Chinese activists in US blame Beijing for relentless cyberattacks

The sheer volume of phishing e-mails received by many nongovernmental organizations that do work in China means that many are automated, according to Engin Kirda, director of Northeastern University’s Information Assurance Institute. He was part of a team of researchers that uncovered long-running spear-phishing attacks aimed at the World Uyghur Congress – a group that advocates self-determination for China’s Uyghur minority. The researchers examined more than 1,000 emails sent between 2009 and 2013.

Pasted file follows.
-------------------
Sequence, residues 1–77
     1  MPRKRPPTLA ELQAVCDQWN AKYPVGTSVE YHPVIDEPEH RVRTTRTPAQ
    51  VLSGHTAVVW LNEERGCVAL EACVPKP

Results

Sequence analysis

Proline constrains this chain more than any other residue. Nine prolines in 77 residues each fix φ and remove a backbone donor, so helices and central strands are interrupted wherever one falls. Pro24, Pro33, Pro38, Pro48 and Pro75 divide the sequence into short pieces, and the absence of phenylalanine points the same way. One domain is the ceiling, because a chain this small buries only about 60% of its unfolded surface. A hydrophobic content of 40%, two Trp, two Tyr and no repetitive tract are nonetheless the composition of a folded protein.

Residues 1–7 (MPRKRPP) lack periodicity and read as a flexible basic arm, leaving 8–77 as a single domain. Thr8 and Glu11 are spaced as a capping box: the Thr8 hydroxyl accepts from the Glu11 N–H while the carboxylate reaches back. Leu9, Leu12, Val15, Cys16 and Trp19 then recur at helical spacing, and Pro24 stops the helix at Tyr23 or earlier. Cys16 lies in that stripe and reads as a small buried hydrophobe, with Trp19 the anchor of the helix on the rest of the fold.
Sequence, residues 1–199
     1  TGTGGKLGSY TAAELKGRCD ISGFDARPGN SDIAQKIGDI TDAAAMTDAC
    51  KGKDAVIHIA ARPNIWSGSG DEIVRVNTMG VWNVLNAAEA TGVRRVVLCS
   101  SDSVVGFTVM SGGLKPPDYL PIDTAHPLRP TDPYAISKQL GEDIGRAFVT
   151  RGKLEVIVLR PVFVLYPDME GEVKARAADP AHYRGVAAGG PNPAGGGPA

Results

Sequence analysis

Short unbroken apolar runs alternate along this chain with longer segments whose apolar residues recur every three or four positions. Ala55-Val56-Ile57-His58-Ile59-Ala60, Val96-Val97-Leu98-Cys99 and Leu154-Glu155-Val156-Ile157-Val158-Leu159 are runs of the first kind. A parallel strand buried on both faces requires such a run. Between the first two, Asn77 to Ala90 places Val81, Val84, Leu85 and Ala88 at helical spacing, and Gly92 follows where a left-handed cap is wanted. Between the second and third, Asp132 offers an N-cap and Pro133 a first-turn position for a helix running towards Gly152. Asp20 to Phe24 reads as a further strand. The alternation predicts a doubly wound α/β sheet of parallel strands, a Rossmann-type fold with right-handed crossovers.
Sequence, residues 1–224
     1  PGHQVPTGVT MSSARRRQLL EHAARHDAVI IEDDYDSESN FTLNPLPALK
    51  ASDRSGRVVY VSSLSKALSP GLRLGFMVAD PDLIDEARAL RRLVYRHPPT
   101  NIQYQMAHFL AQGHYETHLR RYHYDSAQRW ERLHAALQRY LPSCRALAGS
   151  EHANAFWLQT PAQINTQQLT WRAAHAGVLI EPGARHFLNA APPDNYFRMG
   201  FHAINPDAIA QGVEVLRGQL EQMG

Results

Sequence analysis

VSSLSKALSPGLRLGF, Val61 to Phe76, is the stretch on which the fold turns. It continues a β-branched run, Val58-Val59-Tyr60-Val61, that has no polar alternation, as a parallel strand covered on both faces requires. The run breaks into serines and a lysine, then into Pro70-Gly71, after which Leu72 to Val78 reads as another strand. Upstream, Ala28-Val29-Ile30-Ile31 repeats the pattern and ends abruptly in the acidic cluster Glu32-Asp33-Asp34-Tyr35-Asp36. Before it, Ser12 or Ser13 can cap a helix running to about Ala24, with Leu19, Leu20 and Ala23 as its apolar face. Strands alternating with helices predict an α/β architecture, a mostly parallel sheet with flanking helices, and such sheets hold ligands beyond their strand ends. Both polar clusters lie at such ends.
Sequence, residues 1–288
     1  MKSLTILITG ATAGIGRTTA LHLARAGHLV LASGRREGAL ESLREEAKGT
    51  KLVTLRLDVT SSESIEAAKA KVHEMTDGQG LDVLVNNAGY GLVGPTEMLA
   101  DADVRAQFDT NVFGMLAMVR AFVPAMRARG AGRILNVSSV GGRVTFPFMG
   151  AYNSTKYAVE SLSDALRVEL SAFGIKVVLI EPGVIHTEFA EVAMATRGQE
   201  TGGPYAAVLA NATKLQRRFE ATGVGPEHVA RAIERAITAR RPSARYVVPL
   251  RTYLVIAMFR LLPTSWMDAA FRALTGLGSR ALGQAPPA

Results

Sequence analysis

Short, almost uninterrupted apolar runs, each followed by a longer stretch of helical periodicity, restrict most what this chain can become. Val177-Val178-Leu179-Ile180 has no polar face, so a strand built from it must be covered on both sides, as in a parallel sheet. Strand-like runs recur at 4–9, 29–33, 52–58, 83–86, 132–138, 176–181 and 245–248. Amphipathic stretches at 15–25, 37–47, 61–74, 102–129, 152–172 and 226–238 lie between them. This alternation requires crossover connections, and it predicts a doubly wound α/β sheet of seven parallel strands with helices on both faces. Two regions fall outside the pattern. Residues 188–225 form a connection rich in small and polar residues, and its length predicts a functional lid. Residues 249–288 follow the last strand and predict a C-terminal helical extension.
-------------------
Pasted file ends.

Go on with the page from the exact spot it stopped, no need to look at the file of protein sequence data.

Automated phishing e-mails go out to a range of targets the hackers are interested in, according to Mr. Kirda. Once someone accidentally clicks a link or opens an attachment, the malware connects back to a command and control server and starts populating a database. From there, it’s available whenever the attackers need it. With such easy automation and cheap storage, attackers have every incentive to compromise as many targets as possible.